8. We need to bridge the equity divide. Only through deliberate intervention can we begin to create a one world for all students, rather than a place with two dramatically different horizons depending on zip code and family economic status.

Sign up here to receive your copy of Forecast 4.0 when it’s released.

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Easier said than done: Putting aside political differences for kids

Posts from WOL - Thu, 2015-10-29 10:50

When it comes to education, we should be able to forget about politics and party partisanship. Adults should be adults and put aside their differences to support the needs of all students.

But that’s easier said than done.

“In the 21st century, greatness will come from the mobilization of human potential.” – via @CondoleezzaRice #EIE15 #education

— Jesse Moyer (@jessemoyer) October 22, 2015

Last week, I was in Denver for the Foundation for Excellence in Education’s 2015 National Summit on Education Reform.  Aside from being in Denver – everybody tells me I should love that city but I still can’t find the appeal – I was really looking forward to the summit.  For starters, the lineup of speaks was simply outstanding.  The event kicked off as Former Secretary of State and FEE board chairperson Dr. Condoleezza Rice spoke about the importance of opportunity for all students and the importance of human capital in the 21st century.  Nicholas Negroponte and Dr. Sugata Mitra filled the afternoon with the importance of technology in today’s education.  Arthur Brooks, President of AIE and the dinner speaker, spoke about free enterprise’s impact of lifting millions out of poverty. 

Finally, Campbell Brown led a panel of students, parents, and edu-advocates on the importance of school choice.  In between the speakers “strategy sessions,” think breakout sessions, on everything from student privacy to standards to competency-based education.  On top of the speakers and strategy sessions, the FEE staff who organized the conference was outstanding.

Overall, the conference was full of smart, well intentioned, and passionate people gathered to talk about the ways education can serve every student and become the path to college and career success we all want it to be.  While I didn’t agree with all of the sentiments shared in Denver, I certainly respected the passion and commitment of the people sharing them.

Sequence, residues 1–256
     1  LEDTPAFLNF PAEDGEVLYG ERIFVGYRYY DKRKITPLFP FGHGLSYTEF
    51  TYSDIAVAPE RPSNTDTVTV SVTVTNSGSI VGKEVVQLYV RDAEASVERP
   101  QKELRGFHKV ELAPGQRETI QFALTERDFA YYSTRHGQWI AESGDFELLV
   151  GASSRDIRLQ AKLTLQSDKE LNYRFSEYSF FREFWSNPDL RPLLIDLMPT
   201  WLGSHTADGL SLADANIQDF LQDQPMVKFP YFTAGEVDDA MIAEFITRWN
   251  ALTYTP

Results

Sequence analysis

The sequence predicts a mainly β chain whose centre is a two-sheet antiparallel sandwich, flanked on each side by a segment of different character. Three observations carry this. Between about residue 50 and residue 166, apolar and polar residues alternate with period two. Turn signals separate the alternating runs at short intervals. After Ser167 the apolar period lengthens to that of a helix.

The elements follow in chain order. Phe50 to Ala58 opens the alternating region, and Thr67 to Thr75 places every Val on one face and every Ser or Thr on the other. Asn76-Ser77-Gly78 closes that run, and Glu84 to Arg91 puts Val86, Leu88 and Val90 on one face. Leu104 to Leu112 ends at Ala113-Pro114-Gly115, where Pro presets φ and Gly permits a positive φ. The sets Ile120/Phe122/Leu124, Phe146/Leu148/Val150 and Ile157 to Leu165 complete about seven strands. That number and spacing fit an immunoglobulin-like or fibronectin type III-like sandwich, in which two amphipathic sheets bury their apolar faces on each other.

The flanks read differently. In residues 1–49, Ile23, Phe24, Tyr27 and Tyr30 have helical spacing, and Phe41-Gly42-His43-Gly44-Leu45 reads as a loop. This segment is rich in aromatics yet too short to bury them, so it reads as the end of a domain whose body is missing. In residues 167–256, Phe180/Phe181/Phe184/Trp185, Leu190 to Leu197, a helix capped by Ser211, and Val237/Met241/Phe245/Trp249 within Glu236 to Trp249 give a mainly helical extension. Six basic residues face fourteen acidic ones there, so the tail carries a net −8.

Not sure I totally agree with everything @arthurbrooks said tonight but, man, he makes some really good points. Time very well spent. #EIE15

— Jesse Moyer (@jessemoyer) October 23, 2015

But, while we heard time and time again that education should be not be a partisan issue, many workshops and deep-dive sessions were filled with slanted rhetoric about teachers unions, the liberal media, school choice, and, at times, education as a whole.

It’s one thing to talk about bipartisanship and an edu-world where we all work together for the betterment of students. If that’s truly what we strive for, then we need to practice what we preach and work together across the political aisle.

Only then will we be able to build an education system that helps all children succeed in school and life.

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Meet Anne Olson: Director of State Policy

Posts from WOL - Thu, 2015-10-29 10:13

Our Policy and Strategic Foresight team is growing… all the way to Denver! Anne Olson joins the team to work as director of state policy to help us advance policy supports for personalized learning.

Some fun facts about Anne: In her free time, she is a freelance floral designer. She is a Texan-turned-Coloradan who enjoys cycling, camping and hiking throughout the great Colorado outdoors. And she almost always has a song stuck in her head.

Check out a short Q&A below to learn more about Anne and what brought her to KnowledgeWorks. Oh, and follow her on Twitter: @annekolson.

Q: What will you be working on at KnowledgeWorks?

A: As the Director of State Advocacy, I’ll be working closely with our partner states, finding ways to support the expansion of personalized learning. I really see this role as one of partnership and connection. Partnerships are incredibly important in advocacy work, and I look forward to working with states and state partners across the country to transform our learning ecosystem.